Wednesday, November 3, 2010 | 04:15 PM - 05:15 PM | Building 420, Room 40 | Free and Open to All
What happens when you put lots of wind and solar power onto the power system? Do you need more storage? Do you need more reserves? When does the system 'break'? What actions can be taken to integrate wind and solar power into the power system without large cost increases to consumers?
Wind and solar power are inherently variable and uncertain. This causes difficulties for power system operators who must maintain reliability. Over the past several years, utilities and researchers have simulated power system operation with various penetration levels of renewable energy, examining increased costs due to integration of the renewables and mitigation measures to more cost-effectively accommodating the renewables. Debbie will present an overview of recent renewable energy integration studies in the US and Europe. She will focus on the recently released Western Wind and Solar Integration Study, one of the largest wind and solar integration studies to date, that examines the integration of up to 35% wind and solar energy into the power system. Issues addressed include: utility cooperation, tradeoffs between local and remote renewable energy resources, geographic diversity, storage, reserves, and improved forecasting.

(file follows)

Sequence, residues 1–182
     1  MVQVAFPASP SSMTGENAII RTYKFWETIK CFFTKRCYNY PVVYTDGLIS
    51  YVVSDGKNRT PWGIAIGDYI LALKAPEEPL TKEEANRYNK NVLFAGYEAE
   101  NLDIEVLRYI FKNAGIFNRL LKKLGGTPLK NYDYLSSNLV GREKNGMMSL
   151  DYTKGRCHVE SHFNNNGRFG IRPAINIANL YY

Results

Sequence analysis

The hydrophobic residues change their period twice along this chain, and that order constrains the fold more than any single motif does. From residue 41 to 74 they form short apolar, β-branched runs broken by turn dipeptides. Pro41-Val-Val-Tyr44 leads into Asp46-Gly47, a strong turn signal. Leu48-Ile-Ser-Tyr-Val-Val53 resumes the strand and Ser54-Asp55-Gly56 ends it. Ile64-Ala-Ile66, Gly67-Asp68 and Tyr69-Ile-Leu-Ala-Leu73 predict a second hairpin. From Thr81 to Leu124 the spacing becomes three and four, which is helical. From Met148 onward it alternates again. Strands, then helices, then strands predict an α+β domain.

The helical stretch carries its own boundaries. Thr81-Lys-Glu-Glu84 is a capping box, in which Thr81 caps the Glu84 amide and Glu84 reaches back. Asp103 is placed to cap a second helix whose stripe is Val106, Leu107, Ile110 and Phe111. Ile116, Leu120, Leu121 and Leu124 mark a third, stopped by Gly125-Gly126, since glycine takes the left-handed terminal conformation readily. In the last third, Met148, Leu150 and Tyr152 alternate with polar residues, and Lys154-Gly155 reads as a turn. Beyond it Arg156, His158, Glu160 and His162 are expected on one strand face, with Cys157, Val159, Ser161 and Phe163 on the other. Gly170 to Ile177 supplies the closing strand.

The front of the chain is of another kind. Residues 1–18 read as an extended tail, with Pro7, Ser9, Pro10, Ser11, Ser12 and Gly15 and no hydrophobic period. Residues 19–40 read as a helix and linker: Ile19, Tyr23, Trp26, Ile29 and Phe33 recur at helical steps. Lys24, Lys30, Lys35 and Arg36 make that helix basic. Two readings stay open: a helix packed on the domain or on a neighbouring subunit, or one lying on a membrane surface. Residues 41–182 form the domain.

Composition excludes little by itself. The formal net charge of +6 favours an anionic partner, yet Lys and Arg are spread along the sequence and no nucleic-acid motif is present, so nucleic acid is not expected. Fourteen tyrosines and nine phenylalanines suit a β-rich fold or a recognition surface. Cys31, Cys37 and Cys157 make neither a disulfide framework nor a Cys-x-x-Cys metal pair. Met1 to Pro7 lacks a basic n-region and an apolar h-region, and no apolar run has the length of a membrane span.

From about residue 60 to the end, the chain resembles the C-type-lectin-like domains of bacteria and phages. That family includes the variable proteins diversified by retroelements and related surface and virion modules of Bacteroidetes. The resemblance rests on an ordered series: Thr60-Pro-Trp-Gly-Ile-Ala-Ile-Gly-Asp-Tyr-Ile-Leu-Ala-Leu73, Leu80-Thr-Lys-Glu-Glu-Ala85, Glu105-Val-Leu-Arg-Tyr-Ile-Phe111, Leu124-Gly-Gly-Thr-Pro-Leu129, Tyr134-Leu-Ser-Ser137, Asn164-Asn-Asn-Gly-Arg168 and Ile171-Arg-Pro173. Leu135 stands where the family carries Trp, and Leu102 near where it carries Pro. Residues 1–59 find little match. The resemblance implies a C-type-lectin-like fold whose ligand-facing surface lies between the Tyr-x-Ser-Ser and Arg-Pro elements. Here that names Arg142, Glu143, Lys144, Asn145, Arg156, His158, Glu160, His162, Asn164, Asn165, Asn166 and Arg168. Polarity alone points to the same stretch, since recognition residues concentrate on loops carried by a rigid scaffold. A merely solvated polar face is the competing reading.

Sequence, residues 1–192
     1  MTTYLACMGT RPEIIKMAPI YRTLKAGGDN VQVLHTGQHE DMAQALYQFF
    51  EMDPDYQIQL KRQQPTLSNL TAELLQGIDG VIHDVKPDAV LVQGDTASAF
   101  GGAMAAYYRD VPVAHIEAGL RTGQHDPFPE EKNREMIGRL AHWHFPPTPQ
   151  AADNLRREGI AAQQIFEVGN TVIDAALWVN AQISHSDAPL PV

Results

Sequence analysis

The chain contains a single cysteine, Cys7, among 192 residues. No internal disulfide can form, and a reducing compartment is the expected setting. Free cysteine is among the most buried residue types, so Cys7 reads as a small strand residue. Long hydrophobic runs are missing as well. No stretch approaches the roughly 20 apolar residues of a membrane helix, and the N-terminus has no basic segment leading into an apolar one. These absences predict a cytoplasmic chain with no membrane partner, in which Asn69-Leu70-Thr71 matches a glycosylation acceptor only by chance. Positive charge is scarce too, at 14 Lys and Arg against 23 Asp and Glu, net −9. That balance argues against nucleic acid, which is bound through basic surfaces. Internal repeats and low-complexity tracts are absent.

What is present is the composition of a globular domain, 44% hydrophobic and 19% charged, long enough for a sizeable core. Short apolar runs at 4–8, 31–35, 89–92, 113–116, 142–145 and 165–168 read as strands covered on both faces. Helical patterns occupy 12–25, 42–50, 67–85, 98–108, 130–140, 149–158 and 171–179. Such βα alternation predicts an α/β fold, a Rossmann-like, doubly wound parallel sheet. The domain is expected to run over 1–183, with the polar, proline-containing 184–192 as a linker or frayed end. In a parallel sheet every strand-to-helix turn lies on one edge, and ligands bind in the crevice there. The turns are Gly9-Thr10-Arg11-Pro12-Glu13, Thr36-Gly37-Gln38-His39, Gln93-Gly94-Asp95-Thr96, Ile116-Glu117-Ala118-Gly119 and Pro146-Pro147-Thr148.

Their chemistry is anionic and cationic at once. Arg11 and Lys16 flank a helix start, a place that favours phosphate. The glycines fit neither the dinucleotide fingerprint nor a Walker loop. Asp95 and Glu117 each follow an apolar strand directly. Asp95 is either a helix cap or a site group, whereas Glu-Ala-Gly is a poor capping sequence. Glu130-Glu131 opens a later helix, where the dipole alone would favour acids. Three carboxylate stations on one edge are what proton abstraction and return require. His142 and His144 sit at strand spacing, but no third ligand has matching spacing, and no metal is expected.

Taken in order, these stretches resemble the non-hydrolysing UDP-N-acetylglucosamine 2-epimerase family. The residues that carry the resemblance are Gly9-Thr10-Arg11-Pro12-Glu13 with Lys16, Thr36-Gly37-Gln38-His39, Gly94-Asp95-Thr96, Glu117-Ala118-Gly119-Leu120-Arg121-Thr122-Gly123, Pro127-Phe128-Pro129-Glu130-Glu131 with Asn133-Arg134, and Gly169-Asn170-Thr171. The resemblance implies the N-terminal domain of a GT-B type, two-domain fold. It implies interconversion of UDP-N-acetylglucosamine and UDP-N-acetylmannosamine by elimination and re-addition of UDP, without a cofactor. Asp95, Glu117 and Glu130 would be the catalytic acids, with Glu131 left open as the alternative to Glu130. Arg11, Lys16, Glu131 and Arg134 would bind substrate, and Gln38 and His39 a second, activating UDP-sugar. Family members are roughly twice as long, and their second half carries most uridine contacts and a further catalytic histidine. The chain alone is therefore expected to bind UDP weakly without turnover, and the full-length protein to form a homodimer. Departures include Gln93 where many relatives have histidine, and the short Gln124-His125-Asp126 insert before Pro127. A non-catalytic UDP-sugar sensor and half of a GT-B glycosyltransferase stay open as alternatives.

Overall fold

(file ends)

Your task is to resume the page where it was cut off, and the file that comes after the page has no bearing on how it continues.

followed by a MAP Energy Social (details announced at the seminar)
- Zhi-Xun Shen, Stanford Institute for Materials & Energy Science (SIMES)
- Sally Benson, Global Climate and Eneregy Project GCEP
- Stacey Bent, TomKat Center for Sustainable Energy
- Jim Sweeney, Precourt Energy Efficiency Center (PEEC)
- Frank Wolak, Program on Energy and Sustainable Development (PESD)
- Larry Goulder, Stanford Environment and Energy Policy Analysis Center (SEEPAC)
Wednesday, October 6, 2010 | 04:15 PM - 05:15 PM | Building 420, Room 40 | Free and Open to All